The Latest On The Sterling Brown Lawsuit, Pricing Milk, Discrimination Against Moms

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Many Wisconsin dairy farmers are struggling with ongoing low prices for milk. We take a look at alternative ways to price milk and ask if any could be implemented here. We also discuss the discrimination mothers can face in the workplace. Plus, we get the latest in the lawsuit filed by Milwaukee Bucks player Sterling Brown against the city and the police department.

Featured in this Show

  • The Latest On The Sterling Brown Lawsuit

    Milwaukee Bucks rookie Sterling Brown has filed a lawsuit against Milwaukee and the police department. The suit stems from Brown’s arrest earlier this year for a parking violation where he was tased by officers. The Milwaukee police officers argued that the use of force was necessary, alleging Brown was violent and combative. But body-cam footage released last month shows Brown was calm throughout the encounter. We talk to Ashley Luthern of the Milwaukee Journal Sentinel about the case.

  • Could Adopting Canada's Dairy System Stabilize US Milk Prices?

    Low milk prices due in large part to a few years worth of overproduction has some experts wondering about whether a dairy model similar to Canada’s might be a solution.

    Since 2014, when dairy farmers were receiving about $25 per 100 pounds of milk (a gallon is about 8.6 pounds), prices have dropped to about $17, said Mark Stephenson, director of dairy policy analysis for the University of Wisconsin-Madison.

    Mark Stephenson. Photo courtesy of Mark Stephenson

    While the U.S. places no regulations on how much milk a dairy farm can produce, Canada has taken a different approach, placing limitations on production to help stabilize the market. Additionally, the country places steep tariffs on dairy imports, Stephenson said.

    Consequently, Canadian milk prices are more stable. But they’re also more expensive for consumers, with costs sometimes 25 percent higher than U.S. prices

    But even in Canada there is controversy over whether this model is best, with some farmers frustrated they can’t produce more than their quota, even when the market demands it.

    “We’ve had a few Canadian dairy farmers that have relocated down into the U.S., simply because they wanted the ability to produce more milk,” Stephenson said.

    Stephenson said when prices were high a few years ago, domestic dairy farmers got the hint that demand was high, and began to produce more.

    “Since we have roughly 40,000 dairy farmers in the country, they all receive that signal at the same time,” Stephenson said, noting that can quickly lead to overproduction and eventually push down prices.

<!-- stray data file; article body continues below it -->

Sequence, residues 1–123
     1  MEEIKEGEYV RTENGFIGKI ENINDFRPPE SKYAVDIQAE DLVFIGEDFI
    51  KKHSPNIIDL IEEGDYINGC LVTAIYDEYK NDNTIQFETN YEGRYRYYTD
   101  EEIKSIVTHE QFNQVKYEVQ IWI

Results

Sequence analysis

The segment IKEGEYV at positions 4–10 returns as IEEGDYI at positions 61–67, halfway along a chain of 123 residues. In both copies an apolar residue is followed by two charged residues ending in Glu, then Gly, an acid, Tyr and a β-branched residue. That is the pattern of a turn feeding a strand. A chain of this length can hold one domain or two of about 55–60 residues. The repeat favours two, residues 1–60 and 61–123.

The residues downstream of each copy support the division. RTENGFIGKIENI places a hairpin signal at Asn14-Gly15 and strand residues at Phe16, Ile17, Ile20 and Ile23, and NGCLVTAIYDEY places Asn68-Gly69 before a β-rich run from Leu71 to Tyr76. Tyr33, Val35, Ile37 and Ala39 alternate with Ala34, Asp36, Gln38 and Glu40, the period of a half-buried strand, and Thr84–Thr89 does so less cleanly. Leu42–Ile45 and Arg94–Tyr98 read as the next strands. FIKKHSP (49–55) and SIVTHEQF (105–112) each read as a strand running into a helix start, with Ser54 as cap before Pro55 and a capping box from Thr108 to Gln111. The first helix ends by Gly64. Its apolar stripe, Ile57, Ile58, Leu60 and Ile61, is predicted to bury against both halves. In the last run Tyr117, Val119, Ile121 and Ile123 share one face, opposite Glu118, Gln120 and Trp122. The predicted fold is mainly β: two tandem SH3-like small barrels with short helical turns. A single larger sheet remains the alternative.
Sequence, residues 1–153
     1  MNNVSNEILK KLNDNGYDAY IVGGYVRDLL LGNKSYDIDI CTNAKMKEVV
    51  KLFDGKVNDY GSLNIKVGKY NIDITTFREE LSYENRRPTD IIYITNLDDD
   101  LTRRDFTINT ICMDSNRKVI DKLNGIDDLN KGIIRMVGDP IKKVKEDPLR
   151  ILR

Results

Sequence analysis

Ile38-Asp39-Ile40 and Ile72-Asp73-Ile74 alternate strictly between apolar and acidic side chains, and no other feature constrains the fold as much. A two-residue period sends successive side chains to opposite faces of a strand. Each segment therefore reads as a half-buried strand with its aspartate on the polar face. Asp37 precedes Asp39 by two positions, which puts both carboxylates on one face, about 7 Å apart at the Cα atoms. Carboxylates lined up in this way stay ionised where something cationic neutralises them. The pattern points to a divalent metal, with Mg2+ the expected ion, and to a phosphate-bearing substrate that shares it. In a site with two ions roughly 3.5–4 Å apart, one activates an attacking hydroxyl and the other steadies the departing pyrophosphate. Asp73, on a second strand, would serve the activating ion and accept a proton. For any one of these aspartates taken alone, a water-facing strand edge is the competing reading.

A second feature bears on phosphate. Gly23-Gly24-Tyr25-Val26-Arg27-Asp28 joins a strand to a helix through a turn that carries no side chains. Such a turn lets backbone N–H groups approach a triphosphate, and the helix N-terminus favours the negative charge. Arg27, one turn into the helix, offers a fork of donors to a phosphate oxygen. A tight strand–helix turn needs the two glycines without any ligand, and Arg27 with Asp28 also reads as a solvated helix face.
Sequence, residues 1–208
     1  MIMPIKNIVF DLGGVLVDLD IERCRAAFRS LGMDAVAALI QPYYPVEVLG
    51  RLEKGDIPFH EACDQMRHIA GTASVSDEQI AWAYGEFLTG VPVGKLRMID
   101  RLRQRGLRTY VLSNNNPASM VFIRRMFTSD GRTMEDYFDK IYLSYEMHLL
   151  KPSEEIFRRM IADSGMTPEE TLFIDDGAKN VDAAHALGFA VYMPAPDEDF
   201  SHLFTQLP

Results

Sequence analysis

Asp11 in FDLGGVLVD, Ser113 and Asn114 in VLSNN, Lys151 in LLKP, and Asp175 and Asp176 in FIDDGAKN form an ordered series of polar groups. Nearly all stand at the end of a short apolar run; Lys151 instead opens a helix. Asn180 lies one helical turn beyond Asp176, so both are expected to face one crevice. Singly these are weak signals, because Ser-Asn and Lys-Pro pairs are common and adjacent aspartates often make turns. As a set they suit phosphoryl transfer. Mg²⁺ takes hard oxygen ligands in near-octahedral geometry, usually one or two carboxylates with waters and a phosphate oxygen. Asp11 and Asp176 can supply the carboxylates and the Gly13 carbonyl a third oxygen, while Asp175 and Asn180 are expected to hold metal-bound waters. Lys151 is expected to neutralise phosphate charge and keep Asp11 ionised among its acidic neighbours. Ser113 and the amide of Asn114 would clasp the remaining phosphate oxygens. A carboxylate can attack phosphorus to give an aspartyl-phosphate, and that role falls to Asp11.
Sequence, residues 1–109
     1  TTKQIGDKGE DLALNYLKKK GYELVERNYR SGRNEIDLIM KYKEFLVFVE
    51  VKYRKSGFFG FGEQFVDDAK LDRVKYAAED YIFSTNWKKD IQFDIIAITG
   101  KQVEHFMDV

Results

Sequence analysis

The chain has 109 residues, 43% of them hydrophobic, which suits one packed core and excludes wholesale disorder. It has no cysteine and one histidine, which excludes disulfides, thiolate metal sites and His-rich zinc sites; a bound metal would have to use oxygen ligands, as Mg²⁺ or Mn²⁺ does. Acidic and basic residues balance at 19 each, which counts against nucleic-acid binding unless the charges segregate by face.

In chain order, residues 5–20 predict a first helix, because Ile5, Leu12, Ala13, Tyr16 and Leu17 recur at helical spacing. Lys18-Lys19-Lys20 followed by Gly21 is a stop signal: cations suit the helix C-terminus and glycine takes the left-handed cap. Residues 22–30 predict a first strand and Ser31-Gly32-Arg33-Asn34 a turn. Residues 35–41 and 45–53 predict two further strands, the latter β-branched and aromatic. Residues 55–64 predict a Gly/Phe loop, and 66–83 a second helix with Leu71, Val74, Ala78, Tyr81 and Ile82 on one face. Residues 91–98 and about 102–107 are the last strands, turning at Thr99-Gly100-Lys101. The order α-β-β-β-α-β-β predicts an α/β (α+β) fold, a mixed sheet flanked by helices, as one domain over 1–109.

Milk productions isn’t the problem, said Stephenson. According to a U.S. Department of Agriculture milk production report, production nationally totaled 17.9 billion pounds for the month of May, which is an increase of about 1 percent from May of last year.

    “The real problem is the persistence of these low prices,” Stephenson said, noting that prices usually plunge low for a year or so before getting back to normal. “This time, we’re entering our fourth year of low prices.”

    Whether Canada’s model provides a solution, Stephenson said there are primarily two reasons why milk prices can’t get back up.

    First, there’s competition with the global dairy market, especially as the European Union has beefed up its production.

    “That’s displaced some of the sales opportunities we would have had,” he said.

    Additionally, Stephenson said Wisconsin in particular is being flooded with overproduction from states such as Michigan that can sell to processing plants at a reduced price.

    Michigan has doubled its milk production in the past 15 years, but the state doesn’t have enough processing plant capacity to manage all of the milk produced. Those farmers then sell to plants in Wisconsin, who can take the “distressed” milk at a discounted rate.

    Stephenson said it’s unlikely a system like Canada’s could find a home in the U.S. dairy market, because opinions vary so greatly on how to best control the market. While some might agree with Canada’s system, others will fight any regulations restricting them on how much they can produce and sell.

    Stephenson is convinced the market will correct itself, but said it’s legitimate to work out a solution to prevent these long-lasting market ebbs.

    “I do think it’s legitimate for us to think longer-term and say can we do something that keeps us from getting into these positions for a prolonged period of time?” he asked. “And I think the answer to that is yes.”

  • Is there a better way to price milk?

    Dairy farmers have been dealing with low milk prices for a number of years, and that’s leading some to look at other ways to price milk. We talk to a dairy policy analyst about the model used in Canada.

  • Bias Against Mothers In The Workplace

    One study has shown that in a pool of equally qualified job candidates, even a subtle indication that you’re a parent, especially a mother, could lower your chances of getting the job by nearly 40 percentage points. Many mothers have experienced different, discriminatory treatment in the workplace while pregnant or after having kids. This could include things like no longer being offered opportunities of travel, no longer being offered larger promotions, or being excluded from particular meetings. We talk to a journalist who focuses on women and work about how widespread this anti-mom bias really is and why it happens.

Episode Credits

  • Rob Ferrett Host
  • J. Carlisle Larsen Producer
  • Rachael Vasquez Producer
  • Natalie Guyette Producer
  • Ashley Luthern Guest
  • Mark Stephenson Guest
  • Catherine Goldstein Guest